It is easy to look back on the past with rose tinted spectacles and think that all was well then, unlike the turbulent times we appear to be living in today. However, a closer examination of the past dispels the myth that our forefathers led a less stressful lifestyle.
Life around the 1890s to 1900s in Great Britain was one of tremendous change. The threat of invasion by the French had gone away; however there were other conflicts in which the country was involved in during the course of building an empire. As publication of newspapers and periodicals became more affordable, the villagers of Milton would have been aware of global events such as General Gordon being killed during the siege at Khartoum, the Indian mutiny, the Boer wars and the Zulu war in South Africa. The British army were fighting battles in Afghanistan and on the North West Frontier in what is now Pakistan in order to protect British interests in India. In addition to current affairs, the newspapers carried enticing adverts. For example; the South Hants Chronicle had adverts in the early 1900s encouraging working class people to seek their fortune in the colonies. There were offers of free land and farming opportunities in Canada, Australia and New Zealand.
Closer to home, the villagers of Milton would have benefited from the railway line that had been built by the London and South Western Railway in 1886. It meant that produce and animals could be taken to markets further away such as Ringwood, and goods such as coal for heating could be brought into the area far more easily which in turn reduced cost.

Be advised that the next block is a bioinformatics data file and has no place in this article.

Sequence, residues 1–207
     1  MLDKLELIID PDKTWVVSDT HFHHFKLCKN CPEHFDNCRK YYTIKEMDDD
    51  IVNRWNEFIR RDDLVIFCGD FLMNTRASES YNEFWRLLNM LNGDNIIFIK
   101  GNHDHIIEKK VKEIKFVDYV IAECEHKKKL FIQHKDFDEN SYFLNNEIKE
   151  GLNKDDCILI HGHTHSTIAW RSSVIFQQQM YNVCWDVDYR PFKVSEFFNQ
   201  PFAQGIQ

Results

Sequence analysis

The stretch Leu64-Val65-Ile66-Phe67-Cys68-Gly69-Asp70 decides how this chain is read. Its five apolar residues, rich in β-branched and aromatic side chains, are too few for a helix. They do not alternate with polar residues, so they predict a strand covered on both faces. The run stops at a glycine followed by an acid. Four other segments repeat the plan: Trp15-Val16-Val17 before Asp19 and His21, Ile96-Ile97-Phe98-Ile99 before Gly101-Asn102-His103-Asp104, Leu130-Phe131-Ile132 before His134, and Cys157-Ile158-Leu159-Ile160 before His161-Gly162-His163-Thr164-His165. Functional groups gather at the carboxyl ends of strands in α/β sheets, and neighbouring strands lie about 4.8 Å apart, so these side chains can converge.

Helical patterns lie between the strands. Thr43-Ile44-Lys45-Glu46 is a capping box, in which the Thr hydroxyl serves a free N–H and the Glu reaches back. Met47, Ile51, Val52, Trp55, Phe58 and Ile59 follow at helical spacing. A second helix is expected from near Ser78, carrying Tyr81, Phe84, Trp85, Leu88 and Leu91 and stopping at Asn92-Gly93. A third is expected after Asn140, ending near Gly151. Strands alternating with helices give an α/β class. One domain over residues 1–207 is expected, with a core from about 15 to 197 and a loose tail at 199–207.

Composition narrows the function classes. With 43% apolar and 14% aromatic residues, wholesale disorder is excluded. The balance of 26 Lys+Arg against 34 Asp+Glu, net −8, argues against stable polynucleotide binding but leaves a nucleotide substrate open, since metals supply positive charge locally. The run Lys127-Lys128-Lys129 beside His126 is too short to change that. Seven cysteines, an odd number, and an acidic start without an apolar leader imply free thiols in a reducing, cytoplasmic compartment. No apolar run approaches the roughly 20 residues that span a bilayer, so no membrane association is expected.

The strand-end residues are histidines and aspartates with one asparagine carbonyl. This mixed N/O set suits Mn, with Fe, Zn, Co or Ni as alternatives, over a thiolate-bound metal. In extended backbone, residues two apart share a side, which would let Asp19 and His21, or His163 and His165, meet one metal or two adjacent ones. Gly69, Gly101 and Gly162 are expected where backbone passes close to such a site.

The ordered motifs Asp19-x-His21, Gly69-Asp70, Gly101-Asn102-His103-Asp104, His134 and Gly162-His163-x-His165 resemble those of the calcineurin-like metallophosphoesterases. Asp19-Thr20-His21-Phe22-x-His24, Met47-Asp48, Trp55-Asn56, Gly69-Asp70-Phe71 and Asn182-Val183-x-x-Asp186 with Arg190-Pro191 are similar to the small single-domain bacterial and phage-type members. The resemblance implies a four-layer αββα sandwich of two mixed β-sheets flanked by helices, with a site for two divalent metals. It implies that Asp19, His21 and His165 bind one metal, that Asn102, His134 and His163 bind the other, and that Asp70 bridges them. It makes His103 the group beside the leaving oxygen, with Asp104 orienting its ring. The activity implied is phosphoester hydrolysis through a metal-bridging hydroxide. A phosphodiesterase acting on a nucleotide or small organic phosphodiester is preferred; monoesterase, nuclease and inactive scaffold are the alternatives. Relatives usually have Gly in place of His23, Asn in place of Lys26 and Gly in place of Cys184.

Getting to Lymington or Christchurch market from Milton or to go and work outside of the village was done either on horseback, or by horse and cart or using a bicycle or walking.
The 1842 Tithe map gives some idea of the Miltonians who owned or rented various patches of land for growing food or for keeping a few animals. One of the main forms of employment in and around the village was working on the land either as a tenant farmer or an agricultural labourer. Milton Manor Farm was just south west of the village green. Further south there was Barton Farm and Barton Court Farm. Just north of the church was Gore Farm and Little Gore Farm.
The average wage for an agricultural labourer in 1901 was fourteen shillings. A historical price comparison suggests that this is worth just over £67.00 today. For many villagers life would have been a constant struggle to make ends meet. Foraging and taking advantage of what nature provided would have been a way to subsist. Evidence of this can be seen in a 1905 newspaper report concerning a meeting that was held in Milton Hall, which is still in existence just south of the railway bridge. Parishioners brought to the attention of the local council that the owner of Barton Common was blocking access. Several witnesses to the enquiry stated that they had for years turned their cattle out on the common. This was free grazing to them. In addition the villagers harvested furze or gorse. The thick woody parts of the gorse bush burn very hot and are ideal for heating ovens. The green tips of the gorse bushes would have been collected, chopped up and fed to their animals. This has a similar calorific value as oats.
The attached map of 1898 shows the area of Milton village.